Water availability limits tree productivity, carbon stocks, and carbon residence time in mature forests across the western US
- 1Department of Forest Ecosystems and Society, Oregon State University, 321 Richardson Hall, Corvallis, Oregon, OR 97331-2212, USA
- 2Department of Forest, Rangeland, and Fire Sciences, University of Idaho, 875 Perimeter Drive, Moscow, Idaho, ID 83844-1133, USA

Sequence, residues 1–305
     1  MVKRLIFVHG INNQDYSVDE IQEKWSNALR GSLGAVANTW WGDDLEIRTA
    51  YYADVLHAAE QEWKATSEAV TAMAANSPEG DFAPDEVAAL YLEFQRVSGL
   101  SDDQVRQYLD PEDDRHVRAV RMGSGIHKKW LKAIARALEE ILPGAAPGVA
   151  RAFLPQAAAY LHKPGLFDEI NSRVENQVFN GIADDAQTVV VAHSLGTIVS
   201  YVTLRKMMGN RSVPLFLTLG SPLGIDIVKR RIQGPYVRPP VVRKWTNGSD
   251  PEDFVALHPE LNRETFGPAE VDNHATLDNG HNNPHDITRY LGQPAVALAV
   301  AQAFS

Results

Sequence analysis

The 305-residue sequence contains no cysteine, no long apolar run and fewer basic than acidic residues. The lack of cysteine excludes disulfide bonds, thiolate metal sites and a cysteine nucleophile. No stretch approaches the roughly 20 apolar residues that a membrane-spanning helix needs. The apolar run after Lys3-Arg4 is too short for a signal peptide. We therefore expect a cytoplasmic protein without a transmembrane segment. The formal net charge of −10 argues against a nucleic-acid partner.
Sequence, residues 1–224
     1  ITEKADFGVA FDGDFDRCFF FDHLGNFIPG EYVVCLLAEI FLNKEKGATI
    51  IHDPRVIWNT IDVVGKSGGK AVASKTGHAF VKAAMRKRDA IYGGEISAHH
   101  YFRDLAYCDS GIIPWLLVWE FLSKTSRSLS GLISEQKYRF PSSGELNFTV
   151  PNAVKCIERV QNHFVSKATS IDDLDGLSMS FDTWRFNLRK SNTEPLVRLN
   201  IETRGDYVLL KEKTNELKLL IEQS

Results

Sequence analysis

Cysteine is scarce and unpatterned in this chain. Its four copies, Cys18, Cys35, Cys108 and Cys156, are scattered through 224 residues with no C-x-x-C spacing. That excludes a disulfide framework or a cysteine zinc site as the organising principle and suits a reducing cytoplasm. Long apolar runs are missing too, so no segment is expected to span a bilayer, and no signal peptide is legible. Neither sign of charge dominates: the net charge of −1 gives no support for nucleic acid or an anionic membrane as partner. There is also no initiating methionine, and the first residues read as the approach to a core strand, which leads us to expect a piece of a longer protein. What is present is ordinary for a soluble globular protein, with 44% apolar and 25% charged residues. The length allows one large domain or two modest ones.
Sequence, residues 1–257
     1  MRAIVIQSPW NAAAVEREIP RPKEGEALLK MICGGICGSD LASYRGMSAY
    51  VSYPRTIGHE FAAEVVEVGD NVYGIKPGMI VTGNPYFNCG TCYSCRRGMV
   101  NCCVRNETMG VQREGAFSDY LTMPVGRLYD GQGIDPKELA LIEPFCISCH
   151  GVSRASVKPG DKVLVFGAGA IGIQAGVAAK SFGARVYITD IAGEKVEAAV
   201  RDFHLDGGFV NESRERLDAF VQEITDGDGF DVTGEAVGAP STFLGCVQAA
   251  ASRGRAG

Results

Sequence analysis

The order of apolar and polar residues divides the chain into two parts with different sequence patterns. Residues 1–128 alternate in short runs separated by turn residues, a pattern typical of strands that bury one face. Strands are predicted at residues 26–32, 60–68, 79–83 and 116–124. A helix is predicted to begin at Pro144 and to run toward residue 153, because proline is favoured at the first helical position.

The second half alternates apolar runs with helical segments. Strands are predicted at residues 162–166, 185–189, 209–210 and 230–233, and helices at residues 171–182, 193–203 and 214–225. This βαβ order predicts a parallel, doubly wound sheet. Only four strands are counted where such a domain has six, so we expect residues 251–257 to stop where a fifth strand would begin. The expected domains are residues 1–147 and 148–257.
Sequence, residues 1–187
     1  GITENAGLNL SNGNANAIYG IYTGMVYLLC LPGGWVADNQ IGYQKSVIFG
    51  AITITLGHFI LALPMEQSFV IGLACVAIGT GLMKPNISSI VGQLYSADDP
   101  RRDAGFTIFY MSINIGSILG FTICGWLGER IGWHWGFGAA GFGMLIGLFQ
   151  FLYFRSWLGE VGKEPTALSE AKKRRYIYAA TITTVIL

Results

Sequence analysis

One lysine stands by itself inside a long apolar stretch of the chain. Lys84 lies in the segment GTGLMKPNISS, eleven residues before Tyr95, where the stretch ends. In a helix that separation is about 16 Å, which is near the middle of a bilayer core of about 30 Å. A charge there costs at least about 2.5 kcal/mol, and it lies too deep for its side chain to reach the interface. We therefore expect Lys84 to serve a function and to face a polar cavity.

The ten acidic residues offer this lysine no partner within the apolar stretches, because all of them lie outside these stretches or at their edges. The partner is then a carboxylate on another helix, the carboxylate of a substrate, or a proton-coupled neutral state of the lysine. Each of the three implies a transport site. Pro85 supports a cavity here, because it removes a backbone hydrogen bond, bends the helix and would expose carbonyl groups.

Abstract. Water availability constrains the structure and function of terrestrial ecosystems and is projected to change in many parts of the world over the coming century. We quantified the response of tree net primary productivity (NPP), live biomass (BIO), and mean carbon residence time (CRT = BIO / NPP) to spatial variation in water availability in the western US. We used forest inventory measurements from 1953 mature stands (> 100 years) in Washington, Oregon, and California (WAORCA) along with satellite and climate data sets covering the western US. We summarized forest structure and function in both domains along a 400 cm yr−1 hydrologic gradient, quantified with a climate moisture index (CMI) based on the difference between precipitation and reference evapotranspiration summed over the water year (October–September) and then averaged annually from 1985 to 2014 (CMIwy). Median NPP, BIO, and CRT computed at 10 cm yr−1 intervals along the CMIwy gradient increased monotonically with increasing CMIwy across both WAORCA (rs = 0.93–0.96, p < 0.001) and the western US (rs = 0.93–0.99, p < 0.001). Field measurements from WAORCA showed that median NPP increased from 2.2 to 5.6 Mg C ha−1 yr−1 between the driest and wettest 5 % of sites, while BIO increased from 26 to 281 Mg C ha−1 and CRT increased from 11 to 49 years. The satellite data sets revealed similar changes over the western US, though these data sets tended to plateau in the wettest areas, suggesting that additional efforts are needed to better quantify NPP and BIO from satellites in high-productivity, high-biomass forests. Our results illustrate that long-term average water availability is a key environmental constraint on tree productivity, carbon storage, and carbon residence time in mature forests across the western US, underscoring the need to assess potential ecosystem response to projected warming and drying over the coming century.